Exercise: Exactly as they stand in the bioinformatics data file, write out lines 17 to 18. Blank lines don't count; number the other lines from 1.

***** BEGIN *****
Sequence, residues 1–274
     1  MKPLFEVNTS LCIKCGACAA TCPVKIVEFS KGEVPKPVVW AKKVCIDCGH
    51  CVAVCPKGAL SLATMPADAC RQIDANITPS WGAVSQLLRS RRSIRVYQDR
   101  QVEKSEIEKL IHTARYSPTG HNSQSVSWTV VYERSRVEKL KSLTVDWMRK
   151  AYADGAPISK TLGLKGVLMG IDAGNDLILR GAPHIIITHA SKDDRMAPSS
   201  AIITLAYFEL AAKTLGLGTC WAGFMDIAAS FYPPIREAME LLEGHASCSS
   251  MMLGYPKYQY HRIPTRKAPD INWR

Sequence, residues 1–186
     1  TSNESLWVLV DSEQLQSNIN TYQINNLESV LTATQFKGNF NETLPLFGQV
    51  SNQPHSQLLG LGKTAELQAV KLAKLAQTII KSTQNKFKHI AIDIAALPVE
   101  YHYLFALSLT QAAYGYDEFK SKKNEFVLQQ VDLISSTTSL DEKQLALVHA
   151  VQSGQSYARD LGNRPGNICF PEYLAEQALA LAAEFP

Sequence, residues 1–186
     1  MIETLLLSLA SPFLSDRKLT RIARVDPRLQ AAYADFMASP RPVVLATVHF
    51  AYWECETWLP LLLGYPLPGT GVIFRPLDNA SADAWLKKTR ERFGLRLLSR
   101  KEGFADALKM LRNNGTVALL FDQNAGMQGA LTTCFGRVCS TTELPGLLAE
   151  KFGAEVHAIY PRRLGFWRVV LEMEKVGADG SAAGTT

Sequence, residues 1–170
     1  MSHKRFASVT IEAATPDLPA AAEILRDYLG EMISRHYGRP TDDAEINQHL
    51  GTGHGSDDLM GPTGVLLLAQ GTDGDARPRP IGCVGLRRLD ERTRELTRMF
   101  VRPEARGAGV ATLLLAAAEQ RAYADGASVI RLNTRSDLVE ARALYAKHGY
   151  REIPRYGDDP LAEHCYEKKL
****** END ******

   151  KFGAEVHAIY PRRLGFWRVV LEMEKVGADG SAAGTT

Sequence, residues 1–170